On October 31, 1851, a copy was sent to the United States Census Superintendent. This copy—the “official” copy—did not list all the slave inhabitants of Utah on a Schedule 2 for each county. The copy Campbell made of the original enumeration did not show any slaves living in Utah. Known black slaves are listed along with the free white population, giving a false impression that no one was held in bondage in the territory. The only exception is the Schedule 2 for Utah County which shows slaves who were on the way to San Bernardino, California, with their masters. John Bernhisel had advised LDS leaders, who were interested in seeing Utah Territory become a state, to hide the slave population. The official copy of the 1850/1851 census does just that.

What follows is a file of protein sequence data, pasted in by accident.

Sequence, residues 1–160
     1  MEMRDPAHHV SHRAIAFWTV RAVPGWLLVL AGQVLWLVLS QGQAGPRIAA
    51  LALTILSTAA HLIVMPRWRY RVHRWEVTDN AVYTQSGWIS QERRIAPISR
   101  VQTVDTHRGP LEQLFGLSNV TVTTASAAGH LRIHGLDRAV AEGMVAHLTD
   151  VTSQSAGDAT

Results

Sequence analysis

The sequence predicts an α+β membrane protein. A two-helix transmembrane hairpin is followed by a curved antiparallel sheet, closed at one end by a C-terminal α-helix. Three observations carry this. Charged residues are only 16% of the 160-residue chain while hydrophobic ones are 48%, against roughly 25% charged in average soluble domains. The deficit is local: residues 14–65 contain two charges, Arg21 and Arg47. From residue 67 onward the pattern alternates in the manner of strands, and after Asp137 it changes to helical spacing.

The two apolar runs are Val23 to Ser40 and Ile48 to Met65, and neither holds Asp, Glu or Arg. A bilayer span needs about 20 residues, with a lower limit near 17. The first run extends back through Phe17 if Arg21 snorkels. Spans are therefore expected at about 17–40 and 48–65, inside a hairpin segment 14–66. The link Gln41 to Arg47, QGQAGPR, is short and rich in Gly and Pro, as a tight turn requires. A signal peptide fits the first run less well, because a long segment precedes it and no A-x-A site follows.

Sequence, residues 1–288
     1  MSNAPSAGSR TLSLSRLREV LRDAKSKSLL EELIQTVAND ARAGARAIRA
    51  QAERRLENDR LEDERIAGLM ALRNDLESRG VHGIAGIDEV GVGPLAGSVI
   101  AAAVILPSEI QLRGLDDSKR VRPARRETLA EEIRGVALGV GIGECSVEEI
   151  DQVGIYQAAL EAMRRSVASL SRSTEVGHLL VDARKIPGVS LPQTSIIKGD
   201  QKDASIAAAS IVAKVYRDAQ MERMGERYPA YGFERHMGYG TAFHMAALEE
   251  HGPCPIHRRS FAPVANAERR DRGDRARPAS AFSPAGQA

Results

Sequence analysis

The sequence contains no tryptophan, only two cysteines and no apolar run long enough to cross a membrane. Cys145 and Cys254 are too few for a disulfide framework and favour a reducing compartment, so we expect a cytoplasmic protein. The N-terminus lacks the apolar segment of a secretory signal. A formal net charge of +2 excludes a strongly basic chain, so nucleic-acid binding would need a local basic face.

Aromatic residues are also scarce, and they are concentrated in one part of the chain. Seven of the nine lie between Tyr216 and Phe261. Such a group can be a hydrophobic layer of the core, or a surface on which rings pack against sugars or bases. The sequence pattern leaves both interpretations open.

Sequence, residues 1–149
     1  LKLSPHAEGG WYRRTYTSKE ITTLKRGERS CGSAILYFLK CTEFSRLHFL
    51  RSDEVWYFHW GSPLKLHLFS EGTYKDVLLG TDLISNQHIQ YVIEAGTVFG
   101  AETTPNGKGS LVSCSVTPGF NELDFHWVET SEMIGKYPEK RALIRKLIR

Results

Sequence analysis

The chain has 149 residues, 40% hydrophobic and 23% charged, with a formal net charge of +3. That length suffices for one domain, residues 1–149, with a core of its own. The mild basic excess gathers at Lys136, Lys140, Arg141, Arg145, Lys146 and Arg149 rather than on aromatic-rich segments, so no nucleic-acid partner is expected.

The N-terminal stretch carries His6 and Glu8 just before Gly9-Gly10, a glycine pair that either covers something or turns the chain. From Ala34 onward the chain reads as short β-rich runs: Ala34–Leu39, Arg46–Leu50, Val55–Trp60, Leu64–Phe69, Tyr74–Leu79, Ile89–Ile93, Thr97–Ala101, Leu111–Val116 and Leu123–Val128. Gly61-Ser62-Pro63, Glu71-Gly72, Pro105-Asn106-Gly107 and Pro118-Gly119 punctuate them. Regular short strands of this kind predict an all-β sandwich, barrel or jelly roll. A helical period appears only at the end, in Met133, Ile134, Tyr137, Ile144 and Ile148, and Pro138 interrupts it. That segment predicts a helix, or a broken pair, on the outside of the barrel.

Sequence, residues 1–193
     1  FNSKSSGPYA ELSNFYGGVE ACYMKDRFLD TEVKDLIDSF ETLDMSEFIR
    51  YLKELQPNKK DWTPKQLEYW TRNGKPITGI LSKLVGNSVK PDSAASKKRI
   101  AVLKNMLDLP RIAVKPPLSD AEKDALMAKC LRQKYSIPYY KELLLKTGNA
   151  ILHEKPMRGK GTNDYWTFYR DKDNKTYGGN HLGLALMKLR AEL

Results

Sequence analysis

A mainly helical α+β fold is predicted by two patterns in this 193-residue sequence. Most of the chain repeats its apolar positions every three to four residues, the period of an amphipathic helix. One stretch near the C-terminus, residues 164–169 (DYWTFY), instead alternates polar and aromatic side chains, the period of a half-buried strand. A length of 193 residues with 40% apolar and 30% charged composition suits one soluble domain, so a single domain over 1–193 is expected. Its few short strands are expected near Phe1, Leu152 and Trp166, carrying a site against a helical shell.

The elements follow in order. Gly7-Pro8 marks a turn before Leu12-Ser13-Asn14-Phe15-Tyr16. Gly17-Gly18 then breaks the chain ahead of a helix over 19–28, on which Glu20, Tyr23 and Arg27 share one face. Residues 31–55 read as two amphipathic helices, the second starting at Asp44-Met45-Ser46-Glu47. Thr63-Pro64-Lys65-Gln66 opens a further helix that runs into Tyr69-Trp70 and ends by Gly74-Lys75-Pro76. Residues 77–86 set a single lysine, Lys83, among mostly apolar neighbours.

The published, official version the 1850 census for Utah that is housed in the National Archives and reproduced on websites is not the “original” version that shows more of the real slave population for the territory. The original version is housed with LDS church records in the Church History Library in Salt Lake as MS 2672.

The different versions of the census have made it very difficult to count and identify slaves held in early Utah. If historians only look at the readily available official census, it gives a skewed picture of who was really in the territory and what their legal status was. Looking at the original version is necessary to get a more accurate count.

IMAGE I-“Official” Schedule 2-Slave Inhabitants in Utah County, Deseret